Self-evaluative effects of dimensional and social comparison

Published on Jul 1, 2015in Journal of Experimental Social Psychology3.603
路 DOI :10.1016/J.JESP.2015.03.001
Jason E. Strickhouser11
Estimated H-index: 11
(UNCG: University of North Carolina at Greensboro),
Ethan Zell18
Estimated H-index: 18
(UNCG: University of North Carolina at Greensboro)
Sources
Abstract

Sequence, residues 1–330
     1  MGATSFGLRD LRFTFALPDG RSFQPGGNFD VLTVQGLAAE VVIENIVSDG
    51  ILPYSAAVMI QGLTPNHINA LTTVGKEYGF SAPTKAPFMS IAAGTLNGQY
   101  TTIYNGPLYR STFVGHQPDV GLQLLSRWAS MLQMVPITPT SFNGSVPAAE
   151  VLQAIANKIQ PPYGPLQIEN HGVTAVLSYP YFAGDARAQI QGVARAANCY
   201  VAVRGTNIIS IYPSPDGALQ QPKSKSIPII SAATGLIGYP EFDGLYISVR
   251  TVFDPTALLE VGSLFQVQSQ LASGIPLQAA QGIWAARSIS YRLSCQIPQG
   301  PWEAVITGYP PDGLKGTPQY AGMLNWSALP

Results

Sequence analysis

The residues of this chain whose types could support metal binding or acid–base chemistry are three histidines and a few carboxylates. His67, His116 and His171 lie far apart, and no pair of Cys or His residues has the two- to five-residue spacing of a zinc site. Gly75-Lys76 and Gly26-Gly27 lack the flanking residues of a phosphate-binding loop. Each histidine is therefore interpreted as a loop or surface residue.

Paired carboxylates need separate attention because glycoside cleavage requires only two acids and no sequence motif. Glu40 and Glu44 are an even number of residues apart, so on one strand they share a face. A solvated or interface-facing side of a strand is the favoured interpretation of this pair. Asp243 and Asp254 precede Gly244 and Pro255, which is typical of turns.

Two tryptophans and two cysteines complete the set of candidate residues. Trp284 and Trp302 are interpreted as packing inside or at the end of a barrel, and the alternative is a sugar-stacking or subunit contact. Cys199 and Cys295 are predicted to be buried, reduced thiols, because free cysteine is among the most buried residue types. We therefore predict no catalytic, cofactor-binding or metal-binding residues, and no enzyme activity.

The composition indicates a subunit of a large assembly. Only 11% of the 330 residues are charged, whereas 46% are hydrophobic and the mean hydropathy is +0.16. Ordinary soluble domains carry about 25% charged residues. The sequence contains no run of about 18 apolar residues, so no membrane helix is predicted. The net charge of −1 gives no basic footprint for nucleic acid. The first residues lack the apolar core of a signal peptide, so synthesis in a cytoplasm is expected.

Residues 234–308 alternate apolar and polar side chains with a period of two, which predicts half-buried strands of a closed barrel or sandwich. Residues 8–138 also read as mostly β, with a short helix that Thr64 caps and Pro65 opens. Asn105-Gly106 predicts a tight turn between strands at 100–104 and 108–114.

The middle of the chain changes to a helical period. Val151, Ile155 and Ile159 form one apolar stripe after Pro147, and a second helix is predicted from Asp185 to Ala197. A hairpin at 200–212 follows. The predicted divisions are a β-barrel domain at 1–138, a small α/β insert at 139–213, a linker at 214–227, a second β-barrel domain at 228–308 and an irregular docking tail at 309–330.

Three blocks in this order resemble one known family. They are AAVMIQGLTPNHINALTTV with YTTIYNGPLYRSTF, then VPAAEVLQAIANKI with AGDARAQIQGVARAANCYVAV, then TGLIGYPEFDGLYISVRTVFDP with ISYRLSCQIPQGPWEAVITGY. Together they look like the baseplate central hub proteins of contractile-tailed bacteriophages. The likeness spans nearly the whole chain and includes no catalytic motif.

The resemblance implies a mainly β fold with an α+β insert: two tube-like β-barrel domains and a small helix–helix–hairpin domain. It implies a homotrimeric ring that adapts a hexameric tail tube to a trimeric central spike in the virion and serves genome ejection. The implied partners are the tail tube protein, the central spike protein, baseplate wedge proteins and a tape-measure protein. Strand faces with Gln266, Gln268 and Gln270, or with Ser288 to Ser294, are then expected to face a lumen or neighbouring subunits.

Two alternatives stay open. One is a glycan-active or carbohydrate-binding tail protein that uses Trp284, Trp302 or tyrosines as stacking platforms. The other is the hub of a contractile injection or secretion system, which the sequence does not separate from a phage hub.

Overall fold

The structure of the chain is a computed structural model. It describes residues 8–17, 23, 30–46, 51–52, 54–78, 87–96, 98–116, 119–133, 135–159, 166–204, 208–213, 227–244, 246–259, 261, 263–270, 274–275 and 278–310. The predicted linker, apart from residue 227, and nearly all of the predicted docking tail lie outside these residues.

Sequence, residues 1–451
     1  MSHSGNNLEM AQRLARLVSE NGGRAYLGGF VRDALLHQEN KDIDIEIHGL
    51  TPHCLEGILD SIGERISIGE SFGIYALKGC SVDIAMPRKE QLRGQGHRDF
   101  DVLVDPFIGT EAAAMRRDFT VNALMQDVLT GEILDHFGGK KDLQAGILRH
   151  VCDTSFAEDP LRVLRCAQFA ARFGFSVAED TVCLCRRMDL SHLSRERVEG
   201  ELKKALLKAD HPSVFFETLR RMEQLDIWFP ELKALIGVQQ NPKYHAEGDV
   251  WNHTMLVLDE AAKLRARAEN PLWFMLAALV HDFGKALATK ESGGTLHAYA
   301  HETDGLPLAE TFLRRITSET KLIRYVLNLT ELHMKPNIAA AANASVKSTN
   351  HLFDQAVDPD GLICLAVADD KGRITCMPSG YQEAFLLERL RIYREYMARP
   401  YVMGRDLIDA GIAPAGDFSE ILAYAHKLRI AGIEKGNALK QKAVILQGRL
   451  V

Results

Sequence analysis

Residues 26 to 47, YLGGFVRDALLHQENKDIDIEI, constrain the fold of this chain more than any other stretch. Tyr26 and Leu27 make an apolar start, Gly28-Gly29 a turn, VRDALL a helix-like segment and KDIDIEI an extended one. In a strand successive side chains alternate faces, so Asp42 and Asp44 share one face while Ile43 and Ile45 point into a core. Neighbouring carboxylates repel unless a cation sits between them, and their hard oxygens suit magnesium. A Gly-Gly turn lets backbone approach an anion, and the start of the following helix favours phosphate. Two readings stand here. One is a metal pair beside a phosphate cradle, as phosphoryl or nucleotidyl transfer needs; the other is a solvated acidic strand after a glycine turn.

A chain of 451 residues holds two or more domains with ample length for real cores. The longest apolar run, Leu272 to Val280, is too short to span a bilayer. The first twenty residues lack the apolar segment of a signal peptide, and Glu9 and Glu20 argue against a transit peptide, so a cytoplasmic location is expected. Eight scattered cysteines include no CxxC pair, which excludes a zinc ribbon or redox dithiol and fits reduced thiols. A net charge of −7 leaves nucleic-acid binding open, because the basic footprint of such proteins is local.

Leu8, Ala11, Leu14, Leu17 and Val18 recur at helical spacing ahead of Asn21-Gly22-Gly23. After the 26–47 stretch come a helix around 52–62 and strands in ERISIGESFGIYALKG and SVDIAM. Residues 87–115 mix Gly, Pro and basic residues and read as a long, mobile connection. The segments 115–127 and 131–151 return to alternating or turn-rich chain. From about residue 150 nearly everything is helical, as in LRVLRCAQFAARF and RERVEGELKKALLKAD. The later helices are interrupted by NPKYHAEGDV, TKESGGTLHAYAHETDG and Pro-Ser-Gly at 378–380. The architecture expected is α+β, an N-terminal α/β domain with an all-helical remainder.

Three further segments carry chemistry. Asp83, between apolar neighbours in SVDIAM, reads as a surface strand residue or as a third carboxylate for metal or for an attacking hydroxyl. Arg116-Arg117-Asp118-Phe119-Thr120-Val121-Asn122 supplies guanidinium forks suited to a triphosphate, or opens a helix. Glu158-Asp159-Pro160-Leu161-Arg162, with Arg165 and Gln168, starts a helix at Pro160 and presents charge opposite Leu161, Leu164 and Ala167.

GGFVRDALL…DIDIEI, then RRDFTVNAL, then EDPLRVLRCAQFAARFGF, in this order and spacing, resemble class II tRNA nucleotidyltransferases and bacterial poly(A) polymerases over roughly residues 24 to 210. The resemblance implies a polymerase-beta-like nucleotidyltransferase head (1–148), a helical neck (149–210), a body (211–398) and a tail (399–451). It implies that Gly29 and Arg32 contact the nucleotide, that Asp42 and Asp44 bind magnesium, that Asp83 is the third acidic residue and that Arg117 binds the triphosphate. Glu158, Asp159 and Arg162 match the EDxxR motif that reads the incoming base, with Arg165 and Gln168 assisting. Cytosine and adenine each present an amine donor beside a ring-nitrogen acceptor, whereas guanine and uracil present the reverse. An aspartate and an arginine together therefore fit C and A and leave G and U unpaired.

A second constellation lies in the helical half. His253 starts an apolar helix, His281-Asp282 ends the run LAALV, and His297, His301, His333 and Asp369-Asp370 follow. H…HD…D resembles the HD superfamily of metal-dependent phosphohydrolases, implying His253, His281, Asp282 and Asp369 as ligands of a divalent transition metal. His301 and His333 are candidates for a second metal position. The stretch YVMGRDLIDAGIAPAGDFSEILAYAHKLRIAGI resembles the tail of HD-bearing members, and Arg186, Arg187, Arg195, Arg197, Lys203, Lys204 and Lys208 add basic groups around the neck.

Abstract During self-evaluation, people compare their performance in one domain to their performance in other domains (dimensional comparison). Additionally, people compare their own performance to the performance of relevant peers (social comparison). Most experimental research on self-evaluation has investigated the effects of either dimensional comparison or social comparison, despite the fact that people often evaluate themselves in the context of both standards. To address this gap, the current research examined the interplay of dimensional and social comparison during self-evaluation. Participants received manipulated feedback indicating that they performed better or worse in one domain than another domain, and better or worse than other people. Both comparison types significantly influenced self-evaluations and affective reactions; however, the effect of social comparison was significantly stronger than dimensional comparison. These findings support prior theories on the important roles of dimensional and social comparisons in self-evaluation, but also suggest that social comparison is more impactful.
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